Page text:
CNN Wire Staff
(CNN) - One day after black smoke prompted an evacuation, workers returned Thursday to the Fukushima Daiichi nuclear plant - employing myriad methods to try to prevent more radiation from seeping into the atmosphere.
After several days of setbacks and billowing smoke, authorities Thursday addressed issues at each of the facility's six reactors.
"We are working to resume (operations)," Japanese Chief Cabinet Secretary Yukio Edano said. "We cannot be too optimistic, and we are still taking cautious measures."
Japan Atomic Industrial Forum, an industry trade group, reported Thursday that - despite previous fears to the contrary - the No. 3 reactor's containment vessel was "not damaged."
This news came the same morning that smoke stopped rising above the reactor, according to Hidehiko Nishiyama, an official with Japan's Nuclear and Industrial Safety Agency.
He said the cause of the smoke remains unknown, speculating it may have come from burning oil or machinery nearby.
On Wednesday, the same day the black smoke appeared, Edano said three workers were exposed to water contaminated by radioactive material while laying cable in the No. 3 reactor's turbine building. They stepped into the water, which seeped into the shoes of two of the men, according to Tokyo Electric Power Company.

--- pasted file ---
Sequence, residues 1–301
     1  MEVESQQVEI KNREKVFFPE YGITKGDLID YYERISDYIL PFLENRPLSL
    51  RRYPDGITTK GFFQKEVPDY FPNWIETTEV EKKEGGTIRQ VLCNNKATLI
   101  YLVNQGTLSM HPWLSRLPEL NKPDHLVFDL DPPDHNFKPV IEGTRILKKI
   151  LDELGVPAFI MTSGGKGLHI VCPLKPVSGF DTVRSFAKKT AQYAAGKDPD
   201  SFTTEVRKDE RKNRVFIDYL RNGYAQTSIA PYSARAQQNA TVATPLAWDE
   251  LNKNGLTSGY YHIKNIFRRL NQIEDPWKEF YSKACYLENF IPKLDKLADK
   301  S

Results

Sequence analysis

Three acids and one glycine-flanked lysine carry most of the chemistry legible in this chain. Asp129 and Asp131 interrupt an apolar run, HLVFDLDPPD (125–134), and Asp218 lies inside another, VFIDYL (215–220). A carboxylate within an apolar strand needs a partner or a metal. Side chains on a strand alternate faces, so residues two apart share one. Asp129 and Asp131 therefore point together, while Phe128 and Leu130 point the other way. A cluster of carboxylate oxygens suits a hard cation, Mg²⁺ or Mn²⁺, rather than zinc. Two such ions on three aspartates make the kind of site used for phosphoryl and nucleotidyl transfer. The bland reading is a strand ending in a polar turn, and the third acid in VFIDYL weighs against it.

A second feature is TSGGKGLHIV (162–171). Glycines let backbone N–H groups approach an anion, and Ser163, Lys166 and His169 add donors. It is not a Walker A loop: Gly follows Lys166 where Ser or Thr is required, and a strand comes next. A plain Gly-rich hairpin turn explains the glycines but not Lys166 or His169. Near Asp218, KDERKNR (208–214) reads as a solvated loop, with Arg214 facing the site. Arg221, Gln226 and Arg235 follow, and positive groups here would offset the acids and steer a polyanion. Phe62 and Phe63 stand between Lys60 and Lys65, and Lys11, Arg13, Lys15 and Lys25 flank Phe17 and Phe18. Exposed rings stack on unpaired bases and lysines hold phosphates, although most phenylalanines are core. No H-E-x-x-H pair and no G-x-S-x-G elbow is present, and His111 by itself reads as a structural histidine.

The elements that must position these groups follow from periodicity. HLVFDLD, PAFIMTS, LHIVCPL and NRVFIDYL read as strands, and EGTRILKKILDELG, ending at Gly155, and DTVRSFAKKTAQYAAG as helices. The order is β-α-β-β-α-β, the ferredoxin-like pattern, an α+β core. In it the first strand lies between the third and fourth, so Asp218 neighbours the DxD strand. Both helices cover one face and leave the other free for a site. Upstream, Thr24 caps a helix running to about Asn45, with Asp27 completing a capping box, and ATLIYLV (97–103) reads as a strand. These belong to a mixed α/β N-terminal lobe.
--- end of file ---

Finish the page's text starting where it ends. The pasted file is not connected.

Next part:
All three men were exposed to between 173 and 181 millisieverts of radiation, and two went to a hospital for treatment, a Tokyo Electric Power Co. official said.
A person in an industrialized country is naturally exposed to 3 millisieverts a year. But Japan's health ministry recently raised the maximum level of exposure for a person working to address the crisis at the nuclear plant from 100 millisieverts to 250 millisieverts per year.
The three workers reached the highest level of millisieverts recorded so far, Tokyo Electric said. The two admitted to the hospital were a man in his 30s who was exposed to 180.7 millisieverts, and a man in his 20s who tested at 179.37 millisieverts. The third man, who was exposed to 173 millisieverts, did not go to the hospital, as his boots were high enough to cover his skin, Tokyo Electric said.
Seventeen workers so far have been exposed to radiation at levels over 100 millisieverts, Tokyo Electric said Thursday, including the three involved in the water incident.
By Thursday, work had resumed at that reactor. Beginning shortly after 5:30 a.m., crews began injecting about 500 tons of seawater into it, Nishiyama said.
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